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Organizing For America Targets GOP On Health Care: Why Not Blue Dogs?

by on Friday, November 13, 2009 at 3:29 pm EDT in Healthcare, Politics

We’re starting to see an iota of pressure — at least symbolic pressure — exerted by President Obama’s powerful and popular campaign arm, ‘Organizing for America,’ on the health care reform front.  Now housed within the Democratic National Committee, the group hopes to mobilize their once-energized members.

The Times reports that yesterday the group emailed 13 million who registered in support of Obama’s Presidential campaign, urging them “to descend on the offices of the 32 Republican House members who represent districts that voted for Mr. Obama in 2008, but who also voted against health care legislation in the House on Saturday”:

In the e-mail, Mitch Stewart, the director of Organizing for America, encourages Obama supporters to tell these Republicans to get with the health care program or they may be booted out of office.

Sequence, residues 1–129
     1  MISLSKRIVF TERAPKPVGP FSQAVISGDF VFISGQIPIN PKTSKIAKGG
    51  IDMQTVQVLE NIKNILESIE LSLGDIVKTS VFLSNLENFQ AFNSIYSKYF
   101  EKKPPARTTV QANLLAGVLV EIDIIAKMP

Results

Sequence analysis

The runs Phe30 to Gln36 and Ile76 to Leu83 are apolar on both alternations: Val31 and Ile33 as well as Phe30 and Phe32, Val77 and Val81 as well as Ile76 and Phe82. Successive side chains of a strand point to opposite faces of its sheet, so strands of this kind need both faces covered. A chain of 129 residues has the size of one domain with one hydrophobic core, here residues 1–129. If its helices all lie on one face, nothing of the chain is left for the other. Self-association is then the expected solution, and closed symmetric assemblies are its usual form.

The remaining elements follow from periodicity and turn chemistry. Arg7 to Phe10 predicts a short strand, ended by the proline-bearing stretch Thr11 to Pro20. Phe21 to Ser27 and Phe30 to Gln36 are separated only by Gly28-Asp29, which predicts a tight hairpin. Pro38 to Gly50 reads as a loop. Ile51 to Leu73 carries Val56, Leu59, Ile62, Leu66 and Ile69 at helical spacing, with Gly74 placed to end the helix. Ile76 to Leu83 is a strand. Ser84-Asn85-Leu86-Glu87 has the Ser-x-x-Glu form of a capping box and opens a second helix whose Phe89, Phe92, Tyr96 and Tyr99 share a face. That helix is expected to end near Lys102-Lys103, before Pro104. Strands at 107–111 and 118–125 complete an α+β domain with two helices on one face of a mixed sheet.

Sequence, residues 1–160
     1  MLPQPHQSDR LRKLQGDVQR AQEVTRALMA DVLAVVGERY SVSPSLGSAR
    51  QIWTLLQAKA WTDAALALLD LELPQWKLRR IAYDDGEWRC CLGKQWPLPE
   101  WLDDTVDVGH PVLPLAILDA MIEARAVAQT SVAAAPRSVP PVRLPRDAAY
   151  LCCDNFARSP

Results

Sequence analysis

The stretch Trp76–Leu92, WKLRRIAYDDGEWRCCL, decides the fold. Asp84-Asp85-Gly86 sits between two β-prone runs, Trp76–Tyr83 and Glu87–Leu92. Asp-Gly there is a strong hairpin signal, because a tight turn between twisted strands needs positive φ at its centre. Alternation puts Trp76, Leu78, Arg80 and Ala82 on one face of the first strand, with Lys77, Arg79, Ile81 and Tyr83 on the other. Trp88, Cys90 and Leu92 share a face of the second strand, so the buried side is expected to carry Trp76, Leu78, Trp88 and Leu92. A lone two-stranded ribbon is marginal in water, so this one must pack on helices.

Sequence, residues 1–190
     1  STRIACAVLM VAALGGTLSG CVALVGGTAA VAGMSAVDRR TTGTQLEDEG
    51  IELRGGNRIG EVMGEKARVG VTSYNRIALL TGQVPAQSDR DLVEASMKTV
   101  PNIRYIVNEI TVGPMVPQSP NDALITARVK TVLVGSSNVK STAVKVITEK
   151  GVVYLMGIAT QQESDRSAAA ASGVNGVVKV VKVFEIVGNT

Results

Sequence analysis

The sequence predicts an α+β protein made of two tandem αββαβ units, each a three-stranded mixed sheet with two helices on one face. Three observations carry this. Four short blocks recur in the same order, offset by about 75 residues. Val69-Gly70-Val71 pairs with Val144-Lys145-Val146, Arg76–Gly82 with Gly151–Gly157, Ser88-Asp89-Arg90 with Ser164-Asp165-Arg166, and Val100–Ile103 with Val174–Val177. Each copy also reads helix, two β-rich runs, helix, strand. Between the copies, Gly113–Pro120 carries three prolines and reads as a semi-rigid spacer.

The Republican representatives, the message says, “must understand that caving to the well-heeled lobbyists in D.C. has consequences at the ballot box back home.”  […]

“This is not about confrontation,” the e-mail message reassures recipients. “It’s simply about expressing your opinion and being heard.  Democracy is not a spectator sport,” the message concludes. “And right now, we need you in the game.”

My problem with their public pressure campaign is this: why is this getting emailed only to those Obama supporters who reside within the 32 districts that have Republican representatives?  Why not target the districts of obstructionist Democrats who are subservient to the Health Insurance Industry — the Blue Dogs?  Obviously, this latter group would be much more susceptible to pressure exerted from Obama supporters than Republicans.  Obama supporters are not going to turn Republican Congressmen against their own party’s barking orders.  It appears the Blue Dogs have been intentionally immunized from this public pressure campaign.

This just exemplifies how parties will always put their own political interests ahead of the public interest.  They’ll jeopardize their own legislative agenda — legislation which could save 45,000 American lives a year — before they’ll apply pressure against a single member of their own party; even if targeting their own party members would likely yield better results.